The plight of 20 somethings is becoming its own genre at this point, with young filmmakers transferring their experiences and malaise feelings toward adulthood onto the silver screen because it’s what they know. The most recent example comes from Jennifer Prediger and Jess Weixler’s “Apartment Troubles,” a dramedy that the pair wrote, directed and starred in. The problem here is that the genre is already feeling played out and even “Apartment Troubles” tangents to extremes of 20 something culture don’t make it endearing, but rather justifiably annoying.

Nicole (Weixler) and Olivia (Prediger) are roommates in New York City on the verge of eviction who decide to take a trip to Los Angeles to get away and figure things out. Instead of relaxing in the sun, however, their friendship ends up being tested.

As simple as that might seem, the film’s eccentricities are many and end up being its downfall, feeling like one of Nicole’s art projects, over-conceived but not quite finished. Olivia wears the ashes of her dead cat around her neck, Nicole has alienated herself from her family because she is too “out there,” Aunt Kimberly (Megan Mullally) makes a move on Olivia, and there are worms in their apartments (unclear if they are pets or pests).

There’s a purpose to most of these -not so sure what the point of the worms are – but they are all underdeveloped. There are only a couple of moments when you truly feel for these characters, but any sympathy is often rung dry shortly thereafter because of flat jokes or deplorable actions.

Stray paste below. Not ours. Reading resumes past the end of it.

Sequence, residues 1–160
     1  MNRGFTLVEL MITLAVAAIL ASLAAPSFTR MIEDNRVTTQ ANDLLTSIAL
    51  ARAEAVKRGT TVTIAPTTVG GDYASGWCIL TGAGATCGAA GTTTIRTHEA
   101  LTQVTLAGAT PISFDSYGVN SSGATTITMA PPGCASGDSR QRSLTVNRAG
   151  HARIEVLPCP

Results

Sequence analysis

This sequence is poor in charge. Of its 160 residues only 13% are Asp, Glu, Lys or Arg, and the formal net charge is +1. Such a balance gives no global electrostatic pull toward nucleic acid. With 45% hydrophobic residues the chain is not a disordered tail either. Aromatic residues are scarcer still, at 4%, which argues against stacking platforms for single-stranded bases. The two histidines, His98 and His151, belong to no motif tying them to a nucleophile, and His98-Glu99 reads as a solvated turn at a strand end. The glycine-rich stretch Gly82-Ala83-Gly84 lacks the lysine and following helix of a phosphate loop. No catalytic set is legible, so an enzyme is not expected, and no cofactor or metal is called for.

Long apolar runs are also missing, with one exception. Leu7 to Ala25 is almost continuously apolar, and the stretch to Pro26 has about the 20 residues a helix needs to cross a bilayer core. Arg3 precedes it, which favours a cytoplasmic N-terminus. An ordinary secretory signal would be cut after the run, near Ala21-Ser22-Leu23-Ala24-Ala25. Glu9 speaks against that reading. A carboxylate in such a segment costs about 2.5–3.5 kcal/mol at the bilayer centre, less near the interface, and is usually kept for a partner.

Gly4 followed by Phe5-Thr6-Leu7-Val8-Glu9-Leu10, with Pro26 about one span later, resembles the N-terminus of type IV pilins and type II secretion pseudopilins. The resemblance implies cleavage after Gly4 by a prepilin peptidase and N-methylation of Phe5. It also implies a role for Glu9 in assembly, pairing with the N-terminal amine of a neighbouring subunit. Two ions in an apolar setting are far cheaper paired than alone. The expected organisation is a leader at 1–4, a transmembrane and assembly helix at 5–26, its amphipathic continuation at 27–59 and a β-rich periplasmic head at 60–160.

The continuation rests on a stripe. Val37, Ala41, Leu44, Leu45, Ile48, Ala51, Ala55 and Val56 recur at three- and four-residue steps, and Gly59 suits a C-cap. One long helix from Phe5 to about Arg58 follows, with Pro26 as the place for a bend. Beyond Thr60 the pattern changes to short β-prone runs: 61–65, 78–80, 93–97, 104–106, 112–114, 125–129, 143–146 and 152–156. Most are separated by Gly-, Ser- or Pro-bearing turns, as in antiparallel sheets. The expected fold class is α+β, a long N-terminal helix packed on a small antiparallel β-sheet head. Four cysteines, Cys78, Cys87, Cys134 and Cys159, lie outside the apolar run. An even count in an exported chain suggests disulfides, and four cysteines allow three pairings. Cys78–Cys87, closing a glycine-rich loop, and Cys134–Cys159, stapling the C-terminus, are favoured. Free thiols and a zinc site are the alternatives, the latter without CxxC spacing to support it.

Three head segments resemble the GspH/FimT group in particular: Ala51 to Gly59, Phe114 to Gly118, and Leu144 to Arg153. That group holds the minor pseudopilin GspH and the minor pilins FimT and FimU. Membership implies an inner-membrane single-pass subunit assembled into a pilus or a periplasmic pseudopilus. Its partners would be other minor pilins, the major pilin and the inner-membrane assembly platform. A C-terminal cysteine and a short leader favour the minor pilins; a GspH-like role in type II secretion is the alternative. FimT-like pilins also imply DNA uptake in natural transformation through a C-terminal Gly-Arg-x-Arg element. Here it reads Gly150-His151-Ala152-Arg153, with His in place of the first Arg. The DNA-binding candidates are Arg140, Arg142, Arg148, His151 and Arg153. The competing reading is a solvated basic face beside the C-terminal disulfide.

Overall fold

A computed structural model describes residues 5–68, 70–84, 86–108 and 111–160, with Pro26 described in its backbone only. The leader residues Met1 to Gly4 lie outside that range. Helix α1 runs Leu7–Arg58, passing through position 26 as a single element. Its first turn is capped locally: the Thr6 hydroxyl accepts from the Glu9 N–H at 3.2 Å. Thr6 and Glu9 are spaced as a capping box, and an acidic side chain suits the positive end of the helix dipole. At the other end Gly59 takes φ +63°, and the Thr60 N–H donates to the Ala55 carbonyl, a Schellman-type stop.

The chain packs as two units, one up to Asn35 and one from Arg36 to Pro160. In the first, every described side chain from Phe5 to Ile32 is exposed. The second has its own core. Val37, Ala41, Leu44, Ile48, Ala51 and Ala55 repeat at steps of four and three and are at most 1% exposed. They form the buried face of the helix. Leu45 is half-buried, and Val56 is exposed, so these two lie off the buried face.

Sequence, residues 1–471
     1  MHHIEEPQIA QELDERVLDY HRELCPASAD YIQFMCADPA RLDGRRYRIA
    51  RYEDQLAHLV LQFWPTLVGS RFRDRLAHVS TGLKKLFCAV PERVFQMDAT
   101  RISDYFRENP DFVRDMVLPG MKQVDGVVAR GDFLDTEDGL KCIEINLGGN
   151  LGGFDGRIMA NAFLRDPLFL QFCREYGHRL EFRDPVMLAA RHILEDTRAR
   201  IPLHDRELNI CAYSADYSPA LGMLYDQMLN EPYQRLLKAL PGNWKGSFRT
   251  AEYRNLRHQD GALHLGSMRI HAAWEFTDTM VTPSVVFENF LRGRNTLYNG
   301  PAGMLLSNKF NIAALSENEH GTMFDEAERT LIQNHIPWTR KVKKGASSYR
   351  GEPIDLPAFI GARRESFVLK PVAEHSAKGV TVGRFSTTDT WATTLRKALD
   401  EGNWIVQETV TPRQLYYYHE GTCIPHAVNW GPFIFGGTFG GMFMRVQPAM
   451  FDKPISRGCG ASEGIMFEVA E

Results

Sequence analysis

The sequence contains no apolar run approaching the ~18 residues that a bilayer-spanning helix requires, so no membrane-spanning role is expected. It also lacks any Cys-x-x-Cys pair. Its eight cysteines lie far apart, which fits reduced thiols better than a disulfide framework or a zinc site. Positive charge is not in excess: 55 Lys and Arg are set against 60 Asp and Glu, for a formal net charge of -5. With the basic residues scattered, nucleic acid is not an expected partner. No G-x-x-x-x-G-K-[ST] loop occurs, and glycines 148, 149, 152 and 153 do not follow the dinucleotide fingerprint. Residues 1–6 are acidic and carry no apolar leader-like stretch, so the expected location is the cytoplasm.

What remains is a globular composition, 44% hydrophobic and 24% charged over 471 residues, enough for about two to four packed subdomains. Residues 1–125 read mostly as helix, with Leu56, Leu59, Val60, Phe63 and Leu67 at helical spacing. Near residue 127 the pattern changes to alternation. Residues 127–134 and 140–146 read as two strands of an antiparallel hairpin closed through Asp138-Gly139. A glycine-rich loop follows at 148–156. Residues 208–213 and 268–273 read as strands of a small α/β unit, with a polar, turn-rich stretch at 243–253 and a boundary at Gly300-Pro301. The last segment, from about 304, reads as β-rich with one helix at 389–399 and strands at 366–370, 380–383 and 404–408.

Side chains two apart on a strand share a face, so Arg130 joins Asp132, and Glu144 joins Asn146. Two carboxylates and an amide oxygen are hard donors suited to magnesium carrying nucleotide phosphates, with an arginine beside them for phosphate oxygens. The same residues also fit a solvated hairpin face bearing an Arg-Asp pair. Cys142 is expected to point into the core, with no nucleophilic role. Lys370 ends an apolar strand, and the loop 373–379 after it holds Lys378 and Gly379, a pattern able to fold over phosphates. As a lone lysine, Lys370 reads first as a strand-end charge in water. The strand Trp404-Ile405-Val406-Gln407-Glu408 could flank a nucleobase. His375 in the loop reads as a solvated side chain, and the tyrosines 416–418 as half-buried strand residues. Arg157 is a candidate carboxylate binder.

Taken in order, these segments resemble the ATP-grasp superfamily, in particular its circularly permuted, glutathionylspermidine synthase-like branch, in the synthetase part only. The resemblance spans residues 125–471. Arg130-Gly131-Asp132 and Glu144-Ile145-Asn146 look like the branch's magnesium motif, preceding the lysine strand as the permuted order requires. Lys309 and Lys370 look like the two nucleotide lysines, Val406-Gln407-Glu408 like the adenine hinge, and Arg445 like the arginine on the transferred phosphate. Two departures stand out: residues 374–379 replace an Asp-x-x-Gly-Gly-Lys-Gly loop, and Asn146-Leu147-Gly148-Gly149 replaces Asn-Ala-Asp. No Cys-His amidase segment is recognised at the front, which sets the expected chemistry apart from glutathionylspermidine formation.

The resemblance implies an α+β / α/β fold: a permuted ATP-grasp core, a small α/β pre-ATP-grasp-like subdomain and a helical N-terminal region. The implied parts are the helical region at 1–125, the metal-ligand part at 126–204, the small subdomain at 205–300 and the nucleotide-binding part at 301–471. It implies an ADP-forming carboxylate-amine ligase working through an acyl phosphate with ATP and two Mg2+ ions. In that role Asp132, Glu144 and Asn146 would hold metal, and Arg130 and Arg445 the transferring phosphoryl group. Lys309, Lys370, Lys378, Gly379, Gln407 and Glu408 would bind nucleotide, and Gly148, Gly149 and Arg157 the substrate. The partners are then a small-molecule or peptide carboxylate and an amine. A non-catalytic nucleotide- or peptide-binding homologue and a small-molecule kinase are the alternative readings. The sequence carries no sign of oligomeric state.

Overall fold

Despite all of that, the duo manages a surprisingly poignant ending. After being told that you have to hit rock bottom to get things in order, we finally see these two girls who seemed locked in unison heading toward oblivion, break free of one another. Olivia gets an acting gig while Nicole is left wallowing in the trash of her uncompleted art projects after being evicted. Olivia hit rock bottom and found a way out, we don’t know if Nicole ever will. While everything builds to that final moment, it’s a plodding, unappealing slog.

Weixler and Prediger managed to surround themselves with an impressive cast of supporting actors for their film debut with Mullally, Jeffrey Tambor and Will Forte. Unfortunately, they all are essentially window dressing. Tambor and Forte have only two scenes; Tambor is only there to introduce plot, while Forte actually is the one to give the rock bottom speech, but that’s only after a messy and failed comedic scene earlier in the film. Mullally actually gets the closest thing to a role as Aunt Kimberly, but it’s another instance of a half-developed element of the film that fails to pay off.

As someone currently in their 20s, I am able to grasp at the problems that face Nicole and Olivia – searching for your passion, living on your own, taking on the responsibilities of being an adult. They’re not unique to these characters, so they are not enough to carry this film. The success of “Apartment Troubles” rested solely on the shoulders of getting the audience to have a vested interest in Nicole and Olivia, and frankly it is unable to do that.

It is clear that Prediger and Weixler had something in mind, something they wanted to say, with those final moments, but they were not able to craft the rest of the film to that level.

Apartment Troubles opens in select cities and on VOD on March 27.